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Everything You Need to Know About Strabismus (Squint) Eye Surgery

Everything You Need to Know About Strabismus (Squint) Eye Surgery

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Strabismus, commonly known as a squint, is a condition where the eyes do not align properly. One eye may turn in, out, up, or down while the other eye focuses on a single point. This misalignment can be constant or intermittent and can affect both children and adults. Strabismus surgery aims to correct this misalignment, improving both the appearance and functionality of the eyes. The surgery involves adjusting the muscles around the eyes to ensure they work together properly. This comprehensive guide provides detailed insights into strabismus, including its definition, affected demographics, symptoms, causes, and the surgical process. Understanding these aspects is crucial for those considering or preparing for strabismus surgery.


Strabismus, or squint, is a visual disorder where the eyes do not look in the same direction at the same time. Normally, the brain coordinates the movement of the eyes so they point in the same direction and perceive depth accurately. However, in strabismus, there is a lack of coordination between the extraocular muscles, causing the eyes to deviate. This misalignment can be in any direction: inward (esotropia), outward (exotropia), upward (hypertropia), or downward (hypotropia). Strabismus can occur intermittently or constantly and may affect one or both eyes. It is essential to address strabismus promptly, as it can lead to amblyopia (lazy eye) where the brain starts ignoring the input from the misaligned eye, potentially resulting in permanent vision loss.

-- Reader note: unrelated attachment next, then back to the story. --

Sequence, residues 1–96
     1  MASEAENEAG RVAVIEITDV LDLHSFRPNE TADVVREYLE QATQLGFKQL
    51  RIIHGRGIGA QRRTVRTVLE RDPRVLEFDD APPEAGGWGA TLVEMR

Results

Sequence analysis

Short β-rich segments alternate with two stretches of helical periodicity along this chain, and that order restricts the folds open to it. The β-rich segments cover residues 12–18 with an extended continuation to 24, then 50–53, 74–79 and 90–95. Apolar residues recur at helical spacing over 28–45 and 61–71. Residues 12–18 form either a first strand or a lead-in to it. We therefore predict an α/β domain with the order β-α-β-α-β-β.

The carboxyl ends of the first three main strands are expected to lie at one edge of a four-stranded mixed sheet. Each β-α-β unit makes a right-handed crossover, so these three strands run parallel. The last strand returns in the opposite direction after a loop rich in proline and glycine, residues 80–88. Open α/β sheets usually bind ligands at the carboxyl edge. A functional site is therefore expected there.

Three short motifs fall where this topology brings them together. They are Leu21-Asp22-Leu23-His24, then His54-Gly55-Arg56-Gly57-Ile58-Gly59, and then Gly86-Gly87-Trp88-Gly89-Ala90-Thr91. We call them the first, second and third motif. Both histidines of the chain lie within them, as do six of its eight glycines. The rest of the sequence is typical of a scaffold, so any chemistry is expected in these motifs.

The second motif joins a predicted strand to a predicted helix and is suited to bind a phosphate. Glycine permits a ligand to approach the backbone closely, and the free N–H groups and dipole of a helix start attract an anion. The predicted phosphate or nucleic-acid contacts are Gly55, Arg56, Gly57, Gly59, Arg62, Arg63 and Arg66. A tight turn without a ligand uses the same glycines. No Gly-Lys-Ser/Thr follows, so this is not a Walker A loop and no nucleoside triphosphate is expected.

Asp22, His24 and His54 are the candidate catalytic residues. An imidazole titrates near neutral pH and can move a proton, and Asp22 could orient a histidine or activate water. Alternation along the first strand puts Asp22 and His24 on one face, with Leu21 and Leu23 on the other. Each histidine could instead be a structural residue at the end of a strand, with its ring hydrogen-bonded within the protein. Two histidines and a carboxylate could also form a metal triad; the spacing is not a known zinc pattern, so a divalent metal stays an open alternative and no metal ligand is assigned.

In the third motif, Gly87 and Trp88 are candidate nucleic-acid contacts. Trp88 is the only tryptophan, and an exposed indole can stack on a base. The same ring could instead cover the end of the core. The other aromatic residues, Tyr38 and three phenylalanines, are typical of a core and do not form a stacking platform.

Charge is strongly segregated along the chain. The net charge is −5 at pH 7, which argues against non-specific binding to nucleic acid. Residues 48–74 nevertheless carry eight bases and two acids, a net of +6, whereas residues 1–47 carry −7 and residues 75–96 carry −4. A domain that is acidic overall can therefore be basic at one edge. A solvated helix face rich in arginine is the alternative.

Strabismus can develop due to various reasons, including congenital factors, developmental issues, or acquired conditions. Congenital strabismus is often present at birth or develops in early infancy. Developmental strabismus can emerge as a child grows, often becoming noticeable between ages 2 and 4. Acquired strabismus can occur later in life due to trauma, medical conditions like diabetes or stroke, or other eye disorders. Diagnosing strabismus typically involves a comprehensive eye examination, including visual acuity tests, alignment assessments, and possibly imaging studies. Early detection and treatment are vital for preventing long-term vision problems and enhancing the quality of life for those affected.